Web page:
Tag Archives: Water

National Day of Prayer

The Drought of 2012 is predicted to go down in history as the worst drought in 50 years.  People all over the United States and the world are being affected by the lack of rain.  Crops have withered away, pastures are not growing, and farmers are looking for a way to keep clean water available to their livestock. With harvest just starting in some states we will begin to see just how bad the drought has affected the corn crop along with the other commodities.   In the next few months many farming and ranching families are going to be feeling the affects of higher feeding costs for their livestock.  Many people have also been affected by prairie fires that have taken lots of pasture acres that were so desperately needed.

 Today Thursday, Aug. 23, the American Farm Bureau Federation is asking Americans to join them in a National Day of Prayer for the people being affected by the drought.  There are many individuals and families facing severe struggles due to this year’s devastating drought.  There truly is not a person involved in agriculture this year who has not been adversely affected by the drought of 2012 in at least some way.  Even every consumer will also be affected.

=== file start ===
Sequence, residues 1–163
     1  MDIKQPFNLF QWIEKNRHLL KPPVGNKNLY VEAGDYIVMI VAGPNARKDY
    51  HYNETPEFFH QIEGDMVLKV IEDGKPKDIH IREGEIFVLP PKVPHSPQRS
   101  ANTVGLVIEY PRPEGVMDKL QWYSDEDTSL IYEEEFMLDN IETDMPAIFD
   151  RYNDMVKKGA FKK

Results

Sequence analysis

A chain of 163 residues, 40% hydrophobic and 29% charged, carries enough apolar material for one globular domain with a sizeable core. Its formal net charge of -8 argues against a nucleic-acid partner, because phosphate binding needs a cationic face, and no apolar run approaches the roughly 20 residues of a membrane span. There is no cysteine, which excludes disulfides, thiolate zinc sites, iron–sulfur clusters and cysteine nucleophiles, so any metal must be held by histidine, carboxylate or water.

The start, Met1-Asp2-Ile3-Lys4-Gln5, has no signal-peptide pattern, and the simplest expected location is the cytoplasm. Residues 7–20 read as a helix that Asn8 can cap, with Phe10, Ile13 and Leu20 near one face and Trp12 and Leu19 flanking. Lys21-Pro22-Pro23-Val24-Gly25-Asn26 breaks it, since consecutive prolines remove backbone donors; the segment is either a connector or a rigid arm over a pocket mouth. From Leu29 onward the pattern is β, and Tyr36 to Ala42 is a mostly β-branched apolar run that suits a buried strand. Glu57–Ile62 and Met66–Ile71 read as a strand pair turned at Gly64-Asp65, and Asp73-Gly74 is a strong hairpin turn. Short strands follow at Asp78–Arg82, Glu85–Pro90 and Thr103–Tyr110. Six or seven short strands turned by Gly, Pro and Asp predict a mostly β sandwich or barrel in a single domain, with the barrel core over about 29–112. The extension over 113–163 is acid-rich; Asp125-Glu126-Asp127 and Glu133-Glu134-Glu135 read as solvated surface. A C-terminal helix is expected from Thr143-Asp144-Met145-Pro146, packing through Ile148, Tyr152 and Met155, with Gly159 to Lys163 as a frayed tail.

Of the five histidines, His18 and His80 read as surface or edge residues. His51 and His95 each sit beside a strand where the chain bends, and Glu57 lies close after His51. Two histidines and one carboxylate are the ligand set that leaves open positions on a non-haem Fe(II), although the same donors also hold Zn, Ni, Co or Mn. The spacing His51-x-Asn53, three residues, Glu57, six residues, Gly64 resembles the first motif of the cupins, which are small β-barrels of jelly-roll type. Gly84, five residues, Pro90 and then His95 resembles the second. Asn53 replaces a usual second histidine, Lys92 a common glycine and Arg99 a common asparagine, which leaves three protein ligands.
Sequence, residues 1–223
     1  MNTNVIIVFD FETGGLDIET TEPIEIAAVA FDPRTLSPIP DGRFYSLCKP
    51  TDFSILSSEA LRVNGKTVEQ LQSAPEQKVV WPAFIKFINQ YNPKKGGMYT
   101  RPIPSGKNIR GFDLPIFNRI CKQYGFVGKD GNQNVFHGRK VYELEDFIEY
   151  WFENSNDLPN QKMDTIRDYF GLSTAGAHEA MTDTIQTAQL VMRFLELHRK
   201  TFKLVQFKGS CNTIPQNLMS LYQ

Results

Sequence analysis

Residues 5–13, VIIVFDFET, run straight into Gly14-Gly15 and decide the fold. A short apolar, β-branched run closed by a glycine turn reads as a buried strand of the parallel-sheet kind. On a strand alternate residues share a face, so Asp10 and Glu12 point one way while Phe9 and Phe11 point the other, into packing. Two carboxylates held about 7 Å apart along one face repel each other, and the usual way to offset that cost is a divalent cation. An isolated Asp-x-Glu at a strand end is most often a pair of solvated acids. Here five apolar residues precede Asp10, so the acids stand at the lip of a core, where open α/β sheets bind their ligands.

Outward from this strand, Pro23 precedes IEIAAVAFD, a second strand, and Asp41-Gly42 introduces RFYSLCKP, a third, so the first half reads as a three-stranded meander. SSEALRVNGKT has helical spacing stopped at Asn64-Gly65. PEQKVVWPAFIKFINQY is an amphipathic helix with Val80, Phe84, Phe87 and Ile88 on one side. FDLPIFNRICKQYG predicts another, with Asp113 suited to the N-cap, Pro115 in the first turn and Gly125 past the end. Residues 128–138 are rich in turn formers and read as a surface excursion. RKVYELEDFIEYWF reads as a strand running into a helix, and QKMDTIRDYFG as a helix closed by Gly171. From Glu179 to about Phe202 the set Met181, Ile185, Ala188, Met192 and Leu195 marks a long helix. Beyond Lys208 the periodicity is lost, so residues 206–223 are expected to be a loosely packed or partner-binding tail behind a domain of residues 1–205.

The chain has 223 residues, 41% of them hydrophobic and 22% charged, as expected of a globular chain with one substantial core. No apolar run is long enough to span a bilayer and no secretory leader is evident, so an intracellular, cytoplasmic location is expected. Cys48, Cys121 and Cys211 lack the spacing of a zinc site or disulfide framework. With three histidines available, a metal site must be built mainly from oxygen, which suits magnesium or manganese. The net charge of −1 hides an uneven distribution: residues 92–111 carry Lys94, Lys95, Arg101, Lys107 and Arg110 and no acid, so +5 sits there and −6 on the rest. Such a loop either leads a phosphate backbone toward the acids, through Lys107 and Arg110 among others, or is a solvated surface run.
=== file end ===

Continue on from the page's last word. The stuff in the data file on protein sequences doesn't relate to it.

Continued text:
Please join the American Farm Bureau and all of us farmers and ranchers in a National Day of Prayer.  Let’s pray for abundant rain to start nationwide and for those people are dealing with such hardship.  It is a great way to support everyone being challenged by this ongoing drought.

Learning to Ride the Farming Roller Coaster

Have you ever heard of the phrase, “Life is a Roller Coaster?!?” This describes the life of a farmer very well. I am Crystal Wooldridge and I didn’t grow up on a farm, so adjusting to a farmers way of life has been a learning experience for me! I have been on my husband’s family farm for four and half years now and seem to have settled in pretty well. It did take a little getting used to, but I’ve learned you just pick up, go with the flow, and help where help is needed and WHENEVER it is needed.